When Jesus does arrive, Martha and Mary each meet him with pain in their voices –a profoundly raw expression of faith as old as our oldest scriptures. Martha comes first to meet Jesus, while Mary remains grieving at home. Eventually, Mary comes to meet Jesus too. Both of them have words for Jesus, the same words we had a moment ago. “Where were you? If only you had been here!” Mary is so hurt that it takes her a while to work up the courage to face him. I can relate to this as a non-confrontational person – when I’m mad at someone, I tend to avoid them for a while. In my head, I mastermind this grand confrontation where I give a speech that belongs at the end of a masterpiece courtroom drama, and the person I’m accusing weeps at their shame and begs for my mercy… but I secretly know that when I actually see them I’ll just cry and babble some nonsense.

But we are too quick to judge these two women. And this comes from a conviction that I don’t think is actually true or biblical. Many preachers I’ve heard condemn these women for having weak faith, or compare and contrast Martha and Mary because Mary doesn’t come around till later and has less of a profound statement about who Jesus is.  But I think these preachers believed something that is not true and I’m afraid many of us believe it too. I’m afraid that too many of us believe that it’s not okay to be upset at God.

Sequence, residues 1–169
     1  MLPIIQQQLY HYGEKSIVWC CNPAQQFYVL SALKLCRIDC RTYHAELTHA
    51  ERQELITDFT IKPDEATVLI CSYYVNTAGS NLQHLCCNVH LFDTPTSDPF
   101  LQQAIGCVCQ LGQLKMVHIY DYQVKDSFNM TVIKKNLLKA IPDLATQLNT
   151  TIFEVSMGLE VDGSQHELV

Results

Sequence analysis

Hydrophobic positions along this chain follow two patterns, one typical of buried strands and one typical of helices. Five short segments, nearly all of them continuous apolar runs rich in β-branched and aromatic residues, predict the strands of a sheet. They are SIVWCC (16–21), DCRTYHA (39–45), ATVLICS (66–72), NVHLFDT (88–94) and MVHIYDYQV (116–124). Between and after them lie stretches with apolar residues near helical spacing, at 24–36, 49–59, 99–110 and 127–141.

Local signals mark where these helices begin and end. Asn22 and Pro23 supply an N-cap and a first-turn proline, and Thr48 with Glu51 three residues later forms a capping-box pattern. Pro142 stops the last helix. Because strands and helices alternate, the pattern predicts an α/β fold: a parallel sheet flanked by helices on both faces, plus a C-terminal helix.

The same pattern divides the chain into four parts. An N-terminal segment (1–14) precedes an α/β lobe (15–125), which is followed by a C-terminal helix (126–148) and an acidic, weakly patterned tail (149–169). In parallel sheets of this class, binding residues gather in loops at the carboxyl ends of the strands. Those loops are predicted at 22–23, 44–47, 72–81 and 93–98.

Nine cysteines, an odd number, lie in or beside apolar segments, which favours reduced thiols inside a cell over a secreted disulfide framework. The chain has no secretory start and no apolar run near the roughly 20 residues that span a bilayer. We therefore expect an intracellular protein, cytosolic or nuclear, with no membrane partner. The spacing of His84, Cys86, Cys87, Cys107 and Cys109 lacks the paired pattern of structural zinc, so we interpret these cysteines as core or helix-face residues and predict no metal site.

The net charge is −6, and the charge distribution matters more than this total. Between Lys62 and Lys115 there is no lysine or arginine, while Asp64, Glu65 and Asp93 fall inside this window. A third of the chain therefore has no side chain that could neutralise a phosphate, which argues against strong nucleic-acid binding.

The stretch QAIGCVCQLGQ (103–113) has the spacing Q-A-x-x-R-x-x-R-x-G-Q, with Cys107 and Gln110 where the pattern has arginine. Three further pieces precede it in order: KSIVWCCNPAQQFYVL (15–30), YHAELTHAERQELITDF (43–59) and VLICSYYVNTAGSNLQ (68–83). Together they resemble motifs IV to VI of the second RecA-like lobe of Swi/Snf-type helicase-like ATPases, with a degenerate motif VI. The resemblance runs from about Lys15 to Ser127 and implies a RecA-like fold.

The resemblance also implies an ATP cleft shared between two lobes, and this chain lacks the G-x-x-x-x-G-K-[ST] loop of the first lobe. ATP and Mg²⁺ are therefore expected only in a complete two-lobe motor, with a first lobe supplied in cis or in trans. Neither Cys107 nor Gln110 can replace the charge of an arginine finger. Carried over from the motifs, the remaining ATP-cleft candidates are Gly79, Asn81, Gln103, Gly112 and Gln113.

A few years back I saw a note on Facebook was trending from Kay Warren, the wife of famous Saddleback Church pastor Rick Warren. For those of you who aren’t familiar with their story, their son unexpectedly committed suicide about a year prior to this Facebook note. Kay writes about what it is like to experience that loss, but more about how hurt she was by many well meaning Christians who expected her to “move on” faster. I’d like to read a small portion of it: